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San Jose Sharks must take cue from Chicago Blackhawks

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The San Jose Sharks need look no further to see what they lack than the opening game of the Western Conference finals Sunday, May 18. The Chicago Blackhawks showed the mettle of a two-time Stanley Cup champion against the Pacific Division-winning Los Angeles Kings.

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Chicago had a goal called off when the puck was at the very least on its way in when contact with the goalie took place. It could be argued that contact was actually a direct result of the defender's actions. Instead of deciding that it was going in or that contact was forced—either of which would have meant a 2-0 deficit for Los Angeles—the officials decided to rule incidental contact on the ice and thus it was non-reviewable.

The Kings proceeded to score a tying goal just over a minute later when Tyler Toffoli redirected a Tanner Pearson centering feed past Corey Crawford. When the Sharks were on the wrong end of a questionable call in the Pacific Division semifinals, two more goals were allowed in just over three minutes. When Chicago was in the same situation, it was able to buckle down to stop any further scores and then answer some six minutes later.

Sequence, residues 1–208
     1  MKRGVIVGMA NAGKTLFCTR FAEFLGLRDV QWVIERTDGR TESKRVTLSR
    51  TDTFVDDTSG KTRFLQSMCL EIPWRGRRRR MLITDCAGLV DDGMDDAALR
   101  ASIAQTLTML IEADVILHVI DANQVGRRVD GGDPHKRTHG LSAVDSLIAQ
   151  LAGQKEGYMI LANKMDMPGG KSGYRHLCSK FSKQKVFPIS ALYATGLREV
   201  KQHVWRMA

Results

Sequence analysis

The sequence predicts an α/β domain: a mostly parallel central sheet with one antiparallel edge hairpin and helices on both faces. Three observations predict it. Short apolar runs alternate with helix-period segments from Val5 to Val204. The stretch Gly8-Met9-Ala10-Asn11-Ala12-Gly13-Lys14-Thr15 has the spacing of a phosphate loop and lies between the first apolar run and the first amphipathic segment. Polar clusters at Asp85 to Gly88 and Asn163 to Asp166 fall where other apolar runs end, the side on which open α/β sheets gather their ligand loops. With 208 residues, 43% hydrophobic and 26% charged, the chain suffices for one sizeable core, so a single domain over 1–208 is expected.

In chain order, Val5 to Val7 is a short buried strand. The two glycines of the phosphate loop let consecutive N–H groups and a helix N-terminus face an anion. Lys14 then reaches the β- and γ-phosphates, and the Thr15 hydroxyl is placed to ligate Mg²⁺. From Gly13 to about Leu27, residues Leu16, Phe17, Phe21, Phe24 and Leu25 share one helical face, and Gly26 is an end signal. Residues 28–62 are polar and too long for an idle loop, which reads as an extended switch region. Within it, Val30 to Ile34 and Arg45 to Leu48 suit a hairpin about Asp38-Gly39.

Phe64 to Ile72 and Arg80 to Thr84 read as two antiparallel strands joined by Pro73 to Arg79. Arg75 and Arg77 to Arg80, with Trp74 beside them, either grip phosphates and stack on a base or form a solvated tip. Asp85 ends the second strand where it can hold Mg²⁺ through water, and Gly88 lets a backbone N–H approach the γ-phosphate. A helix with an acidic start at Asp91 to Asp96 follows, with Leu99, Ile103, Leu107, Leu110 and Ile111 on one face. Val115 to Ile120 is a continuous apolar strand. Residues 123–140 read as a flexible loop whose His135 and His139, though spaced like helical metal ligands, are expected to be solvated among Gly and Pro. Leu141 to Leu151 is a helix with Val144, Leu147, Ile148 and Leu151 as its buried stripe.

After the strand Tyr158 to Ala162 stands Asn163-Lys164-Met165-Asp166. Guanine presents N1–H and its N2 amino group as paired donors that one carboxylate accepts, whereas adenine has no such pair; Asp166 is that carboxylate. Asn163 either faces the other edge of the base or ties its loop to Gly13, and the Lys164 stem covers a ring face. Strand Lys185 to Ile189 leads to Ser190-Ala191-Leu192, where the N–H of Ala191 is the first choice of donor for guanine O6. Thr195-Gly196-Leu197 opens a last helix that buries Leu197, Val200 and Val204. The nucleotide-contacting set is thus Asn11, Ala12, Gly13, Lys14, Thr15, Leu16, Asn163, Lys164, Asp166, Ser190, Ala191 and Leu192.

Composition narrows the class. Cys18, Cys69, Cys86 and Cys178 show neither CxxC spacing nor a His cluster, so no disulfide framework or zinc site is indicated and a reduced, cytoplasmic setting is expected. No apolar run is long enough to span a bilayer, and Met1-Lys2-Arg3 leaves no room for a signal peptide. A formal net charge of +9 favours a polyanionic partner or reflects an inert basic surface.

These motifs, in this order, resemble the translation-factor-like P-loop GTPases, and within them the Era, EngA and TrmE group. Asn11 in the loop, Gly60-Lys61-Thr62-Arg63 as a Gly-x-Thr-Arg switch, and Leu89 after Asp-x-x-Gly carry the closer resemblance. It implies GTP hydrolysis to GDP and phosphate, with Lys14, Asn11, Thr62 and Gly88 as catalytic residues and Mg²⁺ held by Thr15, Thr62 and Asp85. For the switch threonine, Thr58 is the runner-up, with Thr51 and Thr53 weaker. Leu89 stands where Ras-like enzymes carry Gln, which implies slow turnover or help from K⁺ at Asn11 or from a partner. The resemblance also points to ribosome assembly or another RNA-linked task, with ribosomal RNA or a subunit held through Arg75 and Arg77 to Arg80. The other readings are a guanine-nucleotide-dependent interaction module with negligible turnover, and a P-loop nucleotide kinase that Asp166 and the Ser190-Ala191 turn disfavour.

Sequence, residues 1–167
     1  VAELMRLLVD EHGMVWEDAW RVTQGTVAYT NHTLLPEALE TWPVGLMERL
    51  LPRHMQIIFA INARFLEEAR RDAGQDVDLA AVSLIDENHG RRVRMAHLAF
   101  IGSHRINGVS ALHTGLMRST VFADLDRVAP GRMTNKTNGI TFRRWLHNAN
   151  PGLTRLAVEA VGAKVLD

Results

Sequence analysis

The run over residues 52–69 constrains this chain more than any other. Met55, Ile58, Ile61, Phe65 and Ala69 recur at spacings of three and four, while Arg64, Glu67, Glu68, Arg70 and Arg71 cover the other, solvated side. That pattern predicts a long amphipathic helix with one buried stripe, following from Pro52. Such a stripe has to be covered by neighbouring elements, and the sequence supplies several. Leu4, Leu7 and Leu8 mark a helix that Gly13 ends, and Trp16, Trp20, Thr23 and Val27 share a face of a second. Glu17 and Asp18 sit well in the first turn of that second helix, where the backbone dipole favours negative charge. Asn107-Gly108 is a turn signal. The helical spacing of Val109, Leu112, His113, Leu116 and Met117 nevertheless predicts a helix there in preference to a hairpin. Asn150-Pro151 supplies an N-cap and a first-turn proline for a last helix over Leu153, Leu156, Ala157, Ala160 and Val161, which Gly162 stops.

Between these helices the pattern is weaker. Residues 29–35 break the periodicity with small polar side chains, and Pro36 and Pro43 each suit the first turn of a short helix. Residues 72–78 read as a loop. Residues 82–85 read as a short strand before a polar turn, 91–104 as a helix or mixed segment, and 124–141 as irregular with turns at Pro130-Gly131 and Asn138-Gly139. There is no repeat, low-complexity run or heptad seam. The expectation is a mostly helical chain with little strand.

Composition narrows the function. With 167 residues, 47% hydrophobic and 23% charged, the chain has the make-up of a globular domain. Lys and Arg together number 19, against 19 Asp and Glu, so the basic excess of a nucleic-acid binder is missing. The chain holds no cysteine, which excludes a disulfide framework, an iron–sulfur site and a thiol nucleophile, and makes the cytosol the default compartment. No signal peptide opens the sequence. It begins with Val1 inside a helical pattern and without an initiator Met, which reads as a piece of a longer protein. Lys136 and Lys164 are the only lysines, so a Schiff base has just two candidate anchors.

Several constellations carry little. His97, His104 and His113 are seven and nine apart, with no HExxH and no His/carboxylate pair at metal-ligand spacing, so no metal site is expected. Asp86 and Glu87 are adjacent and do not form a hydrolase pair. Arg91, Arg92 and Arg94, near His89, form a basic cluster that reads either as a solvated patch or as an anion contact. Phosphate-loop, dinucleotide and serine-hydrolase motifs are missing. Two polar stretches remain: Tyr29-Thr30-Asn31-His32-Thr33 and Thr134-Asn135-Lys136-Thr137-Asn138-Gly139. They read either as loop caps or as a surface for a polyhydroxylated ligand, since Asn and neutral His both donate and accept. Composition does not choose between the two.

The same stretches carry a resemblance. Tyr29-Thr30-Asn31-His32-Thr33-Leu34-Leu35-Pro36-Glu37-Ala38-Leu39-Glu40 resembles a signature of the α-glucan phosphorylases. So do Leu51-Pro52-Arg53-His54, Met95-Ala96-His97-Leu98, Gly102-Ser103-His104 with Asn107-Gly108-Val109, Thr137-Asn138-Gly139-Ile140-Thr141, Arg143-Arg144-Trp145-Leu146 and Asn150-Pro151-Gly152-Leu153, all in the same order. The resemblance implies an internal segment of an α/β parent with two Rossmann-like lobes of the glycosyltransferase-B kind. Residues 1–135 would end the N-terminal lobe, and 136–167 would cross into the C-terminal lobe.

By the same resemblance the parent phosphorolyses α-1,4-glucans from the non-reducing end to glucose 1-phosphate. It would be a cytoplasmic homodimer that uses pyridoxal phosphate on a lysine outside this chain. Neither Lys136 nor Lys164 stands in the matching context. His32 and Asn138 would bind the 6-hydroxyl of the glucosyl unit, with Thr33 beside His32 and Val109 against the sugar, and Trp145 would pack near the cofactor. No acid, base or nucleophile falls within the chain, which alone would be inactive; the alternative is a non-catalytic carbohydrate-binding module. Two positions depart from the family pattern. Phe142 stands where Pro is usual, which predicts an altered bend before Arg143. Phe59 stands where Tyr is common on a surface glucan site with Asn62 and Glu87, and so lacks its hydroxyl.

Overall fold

To cap off a solid third period, Chicago scored a late goal and closed the game out. San Jose does not close games with strong third periods when holding a lead. That is why Los Angeles has won two consecutive Stanley Cup playoff series over the Pacific Division rivals.

In fact, the Sharks have repeatedly failed to respond to adversity during the Stanley Cup playoffs under Doug Wilson's tenure as general manager. He admitted that the team beat itself in a conference call reported on by David Pollack Friday. Chicago would not do that because they have leadership that demands more of itself and its teammates.

Unfortunately, Wilson hitched his wagon for the next three seasons to two veterans in January that have been captain over four teams lacking both of the above championship characteristics Chicago showed. The photo list shows the failings of those eight teams led by either Patrick Marleau or Joe Thornton.